If Obama speaks at Saddleback Church and there is any political content, should the church not lose its tax exemption?
My thoughts, exactly. He's campaigning, make no mistake.
The ban on political campaign activity by charities and churches was created by Congress 52 years ago. The Internal Revenue Service administers the tax laws written by Congress and has enforcement authority over tax-exempt organizations. Here is some background information on the political campaign activity ban and the latest IRS enforcement statistics regarding its adminstration of this congressional ban.
In 1954, Congress approved an amendment by Sen. Lyndon Johnson to prohibit 501(c)(3) organizations, which includes charities and churches, from engaging in any political campaign activity. To the extent Congress has revisited the ban over the years, it has in fact strengthened the ban. The most recent change came in 1987 when Congress amended the language to clarify that the prohibition also applies to statements opposing candidates.
Currently, the law prohibits political campaign activity by charities and churches by defining a 501(c)(3) organization as one "which does not participate in, or intervene in (including the publishing or distributing of statements), any political campaign on behalf of (or in opposition to) any candidate for public office."
The IRS has published Fact Sheet 2006-17, which outlines how churches, and all 501(c)(3) organizations, can stay within the law regarding the ban on political activity. Also, the ban by Congress is on political campaign activity regarding a candidate; churches and other 501(c)(3) organizations can engage in a limited amount of lobbying (including ballot measures) and advocate for or against issues that are in the political arena. The IRS also has provided guidance regarding the difference between advocating for a candidate and advocating for legislation. See political and lobbying activities.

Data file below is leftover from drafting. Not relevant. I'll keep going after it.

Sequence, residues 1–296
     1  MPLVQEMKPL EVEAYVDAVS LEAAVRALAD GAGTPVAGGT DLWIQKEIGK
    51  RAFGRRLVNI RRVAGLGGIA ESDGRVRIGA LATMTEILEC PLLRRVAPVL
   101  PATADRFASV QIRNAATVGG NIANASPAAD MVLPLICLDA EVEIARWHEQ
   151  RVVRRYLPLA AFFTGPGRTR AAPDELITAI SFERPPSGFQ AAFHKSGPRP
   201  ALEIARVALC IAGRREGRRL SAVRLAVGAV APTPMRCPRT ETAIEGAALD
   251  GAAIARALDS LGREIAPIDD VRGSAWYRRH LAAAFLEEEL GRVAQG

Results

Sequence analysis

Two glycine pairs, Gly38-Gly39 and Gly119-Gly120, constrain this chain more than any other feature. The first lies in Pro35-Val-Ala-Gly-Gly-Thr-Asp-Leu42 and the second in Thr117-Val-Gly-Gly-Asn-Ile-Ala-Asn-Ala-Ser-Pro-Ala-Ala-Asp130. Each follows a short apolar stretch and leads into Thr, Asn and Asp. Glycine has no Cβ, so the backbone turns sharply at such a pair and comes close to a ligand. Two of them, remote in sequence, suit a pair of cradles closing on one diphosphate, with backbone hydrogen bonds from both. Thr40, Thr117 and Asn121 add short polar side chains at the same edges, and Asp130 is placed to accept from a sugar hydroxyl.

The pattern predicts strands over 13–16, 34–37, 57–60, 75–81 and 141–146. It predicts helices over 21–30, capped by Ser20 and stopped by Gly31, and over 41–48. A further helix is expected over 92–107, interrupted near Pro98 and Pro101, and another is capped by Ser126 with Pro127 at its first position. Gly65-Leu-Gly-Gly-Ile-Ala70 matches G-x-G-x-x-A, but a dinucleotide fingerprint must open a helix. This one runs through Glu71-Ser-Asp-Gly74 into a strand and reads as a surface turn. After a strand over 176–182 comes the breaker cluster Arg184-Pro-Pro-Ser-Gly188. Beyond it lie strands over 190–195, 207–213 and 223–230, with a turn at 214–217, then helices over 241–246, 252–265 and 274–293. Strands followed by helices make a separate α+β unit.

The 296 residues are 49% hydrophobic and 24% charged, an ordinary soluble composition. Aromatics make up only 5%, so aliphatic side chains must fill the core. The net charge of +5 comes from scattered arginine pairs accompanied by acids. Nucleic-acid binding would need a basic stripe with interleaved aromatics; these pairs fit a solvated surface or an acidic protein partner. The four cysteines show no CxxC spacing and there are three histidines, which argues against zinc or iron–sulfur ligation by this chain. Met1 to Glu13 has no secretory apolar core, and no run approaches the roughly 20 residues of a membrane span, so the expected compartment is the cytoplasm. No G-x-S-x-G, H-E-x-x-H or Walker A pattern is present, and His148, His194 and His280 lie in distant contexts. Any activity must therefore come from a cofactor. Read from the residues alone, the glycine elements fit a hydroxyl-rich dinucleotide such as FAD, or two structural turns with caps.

Earlier this year, the IRS released the results of its Political Activity Compliance Initiative (PACI) which investigated allegations of political campaign activity by 501(c)(3) organizations during the 2004 campaign season. Out of 87 completed audits involving churches and charities from the 2004 election cycle, political intervention was substantiated in 71 percent of the cases. No political intervention was found in 23 percent of the cases, resulting in a no change finding.
Politics plays absolutely no role in audits. A team of career IRS employees review complaints submitted by the public and determine which allegations merit further review. An independent review confirmed that political considerations played no role in IRS decisions to further investigate allegations of political campaign activity. You can read the report here.
Each election cycle, the IRS reminds 501(c)(3) exempt organizations to be aware of the ban on political campaign activity. The IRS published its most recent reminder in a public news release which you can read here.
The division within the IRS responsible for overseeing churches and charities is the Tax Exempt and Government Entitities Division. TEGE has created a Web page entitled Charities, Churches, and Educational Organizations - Political Campaign Intervention. It is dedicated to the IRS most recent activities related to 501(c)(3) and political activity.
A definitive court case on the issue of free speech and political expression is Branch Ministries Inc. versus Rossotti. In that case, the court upheld the constitutionality of the ban on political activity. The court rejected the plaintiff church's allegations that it was being selectively prosecuted because of its conservative views and that its First Amendment right to free speech was being infringed.
The court wrote: "The government has a compelling interest in maintaining the integrity of the tax system and in not subsidizing partisan political activity, and Section 501(c)(3) is the least restrictive means of accomplishing that purpose."